|Dominica||Present||Introduced||Broome et al. (2007)|
|Dominican Republic||Present||Introduced||Holm et al. (1979)|
|El Salvador||Present||Introduced||Clayton et al. (2014)|
|Grenada||Present||Introduced||Broome et al. (2007)|
|Guadeloupe||Present||Introduced||Broome et al. (2007)|
|Guatemala||Present, Widespread||Introduced||Holm et al. (1979)|
|Haiti||Present||Introduced||Acevedo-Rodríguez and Strong (2012)|
|Jamaica||Present, Widespread||Introduced||Holm et al. (1979)|
|Mexico||Present, Widespread||Introduced||Invasive||Holm et al. (1979)|
|Montserrat||Present||Introduced||Broome et al. (2007)|
|Netherlands Antilles||Present||Introduced||Broome et al. (2007)|
|Nicaragua||Present||Introduced||Holm et al. (1979)|
|Panama||Present||Introduced||Clayton et al. (2014)|
|Puerto Rico||Present, Widespread||Introduced||Invasive||Holm et al. (1979)|
|Saint Kitts and Nevis||Present||Introduced||Broome et al. (2007)|
|Saint Lucia||Present||Introduced||Broome et al. (2007)|
|Saint Pierre and Miquelon||Present||Introduced||USDA-NRCS (2014)|
|Saint Vincent and the Grenadines||Present||Introduced||Broome et al. (2007)|
|Trinidad and Tobago||Present, Widespread||Introduced||Holm et al. (1979)|
|U.S. Virgin Islands||Present||Introduced||Acevedo-Rodríguez and Strong (2012)|
|United States||Present, Widespread||Introduced||Invasive||Holm et al. (1979)|
|-Alabama||Present||Introduced||Lorenzi and Jeffery (1987)|
|-Arizona||Present||Introduced||Lorenzi and Jeffery (1987)|
|-Arkansas||Present||Introduced||Lorenzi and Jeffery (1987); USDA-NRCS (2014)|
|-California||Present||Introduced||Lorenzi and Jeffery (1987); USDA-NRCS (2014)|
|-Colorado||Present||Introduced||Lorenzi and Jeffery (1987)|
|-Connecticut||Present||Introduced||Lorenzi and Jeffery (1987)|
|-Delaware||Present||Introduced||Lorenzi and Jeffery (1987)|
|-District of Columbia||Present||Introduced||USDA-NRCS (2014)|
|-Florida||Present||Introduced||Lorenzi and Jeffery (1987)|
|-Georgia||Present||Introduced||Lorenzi and Jeffery (1987)|
|-Hawaii||Present, Widespread||Introduced||Invasive||Holm et al. (1979)||Noxious weed|
|-Idaho||Present, Localized||Introduced||Lorenzi and Jeffery (1987)|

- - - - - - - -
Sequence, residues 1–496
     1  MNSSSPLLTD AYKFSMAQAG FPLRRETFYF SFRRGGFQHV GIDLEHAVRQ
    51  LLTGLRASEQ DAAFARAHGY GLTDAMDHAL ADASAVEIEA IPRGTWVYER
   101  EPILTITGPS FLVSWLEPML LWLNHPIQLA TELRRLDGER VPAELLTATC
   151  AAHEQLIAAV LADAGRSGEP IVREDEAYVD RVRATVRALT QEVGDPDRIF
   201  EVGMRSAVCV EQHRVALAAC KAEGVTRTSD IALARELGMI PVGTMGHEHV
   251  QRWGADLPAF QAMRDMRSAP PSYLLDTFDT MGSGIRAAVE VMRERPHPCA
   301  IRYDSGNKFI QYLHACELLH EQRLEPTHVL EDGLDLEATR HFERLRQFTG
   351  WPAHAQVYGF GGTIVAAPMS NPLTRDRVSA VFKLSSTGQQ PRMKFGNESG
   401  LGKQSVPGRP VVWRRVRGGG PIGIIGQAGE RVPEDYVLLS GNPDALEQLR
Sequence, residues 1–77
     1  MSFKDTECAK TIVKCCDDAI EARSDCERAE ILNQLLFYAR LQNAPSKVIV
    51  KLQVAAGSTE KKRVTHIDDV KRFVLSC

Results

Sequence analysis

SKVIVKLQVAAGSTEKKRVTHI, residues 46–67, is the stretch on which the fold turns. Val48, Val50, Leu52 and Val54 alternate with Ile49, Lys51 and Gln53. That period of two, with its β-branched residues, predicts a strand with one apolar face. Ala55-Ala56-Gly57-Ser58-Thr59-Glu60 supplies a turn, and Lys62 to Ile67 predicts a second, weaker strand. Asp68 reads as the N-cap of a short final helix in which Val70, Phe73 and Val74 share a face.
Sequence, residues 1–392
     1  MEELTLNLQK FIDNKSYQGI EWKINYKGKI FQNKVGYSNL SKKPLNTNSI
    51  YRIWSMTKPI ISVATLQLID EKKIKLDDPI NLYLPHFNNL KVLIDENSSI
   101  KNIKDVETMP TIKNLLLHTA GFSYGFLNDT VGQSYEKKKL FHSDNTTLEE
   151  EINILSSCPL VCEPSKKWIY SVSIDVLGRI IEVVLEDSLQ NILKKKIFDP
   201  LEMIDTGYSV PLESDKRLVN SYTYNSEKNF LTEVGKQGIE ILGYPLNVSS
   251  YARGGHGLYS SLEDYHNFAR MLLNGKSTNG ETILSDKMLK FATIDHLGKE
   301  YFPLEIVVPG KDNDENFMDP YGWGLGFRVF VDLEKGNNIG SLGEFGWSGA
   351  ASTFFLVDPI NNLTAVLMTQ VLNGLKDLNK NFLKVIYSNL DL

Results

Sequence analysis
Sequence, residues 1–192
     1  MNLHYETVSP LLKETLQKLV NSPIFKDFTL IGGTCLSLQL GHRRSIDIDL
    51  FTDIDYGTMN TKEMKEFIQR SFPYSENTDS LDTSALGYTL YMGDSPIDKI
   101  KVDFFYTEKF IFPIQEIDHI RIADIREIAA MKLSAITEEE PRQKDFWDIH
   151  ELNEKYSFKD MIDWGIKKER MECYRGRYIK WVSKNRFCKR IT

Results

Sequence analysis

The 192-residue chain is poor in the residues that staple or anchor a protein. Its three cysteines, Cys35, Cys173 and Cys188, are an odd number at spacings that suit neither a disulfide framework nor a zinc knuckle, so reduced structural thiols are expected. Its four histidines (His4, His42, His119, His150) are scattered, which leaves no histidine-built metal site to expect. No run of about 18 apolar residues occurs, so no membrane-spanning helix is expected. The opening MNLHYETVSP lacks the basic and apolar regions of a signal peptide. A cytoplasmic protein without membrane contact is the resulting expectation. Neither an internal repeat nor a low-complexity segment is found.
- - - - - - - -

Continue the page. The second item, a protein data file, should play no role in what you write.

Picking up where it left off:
|-Illinois||Present||Introduced||Lorenzi and Jeffery (1987)|
|-Indiana||Present||Introduced||Lorenzi and Jeffery (1987)|
|-Iowa||Present, Localized||Introduced||Lorenzi and Jeffery (1987)|
|-Kansas||Present||Introduced||Lorenzi and Jeffery (1987)|
|-Kentucky||Present||Introduced||Lorenzi and Jeffery (1987)|
|-Louisiana||Present||Introduced||Lorenzi and Jeffery (1987)|
|-Maryland||Present||Introduced||Lorenzi and Jeffery (1987)|
|-Massachusetts||Present||Introduced||Lorenzi and Jeffery (1987)|
|-Michigan||Present, Localized||Introduced||Lorenzi and Jeffery (1987)|
|-Mississippi||Present||Introduced||Lorenzi and Jeffery (1987)|
|-Missouri||Present||Introduced||Lorenzi and Jeffery (1987)|
|-Nebraska||Present, Localized||Introduced||Lorenzi and Jeffery (1987)|
|-Nevada||Present||Introduced||Lorenzi and Jeffery (1987)|
|-New Hampshire||Present, Localized||Introduced||Lorenzi and Jeffery (1987)|
|-New Jersey||Present||Introduced||Lorenzi and Jeffery (1987)|
|-New Mexico||Present||Introduced||Lorenzi and Jeffery (1987)|
|-New York||Present||Introduced||Lorenzi and Jeffery (1987)|
|-North Carolina||Present||Introduced||Lorenzi and Jeffery (1987)|
|-Ohio||Present||Introduced||Lorenzi and Jeffery (1987)|
|-Oklahoma||Present||Introduced||Lorenzi and Jeffery (1987)|
|-Oregon||Present||Introduced||Lorenzi and Jeffery (1987)|
|-Pennsylvania||Present||Introduced||Lorenzi and Jeffery (1987)|
|-Rhode Island||Present||Introduced||Lorenzi and Jeffery (1987)|
|-South Carolina||Present||Introduced||Lorenzi and Jeffery (1987)|
|-Tennessee||Present||Introduced||Lorenzi and Jeffery (1987)|
|-Texas||Present||Introduced||Lorenzi and Jeffery (1987)|
|-Utah||Present||Introduced||Lorenzi and Jeffery (1987); USDA-NRCS (2014)|
|-Vermont||Present, Localized||Introduced||Lorenzi and Jeffery (1987)|
|-Virginia||Present||Introduced||Lorenzi and Jeffery (1987)|
|-Washington||Present||Introduced||Lorenzi and Jeffery (1987)|
|-West Virginia||Present||Introduced||Lorenzi and Jeffery (1987)|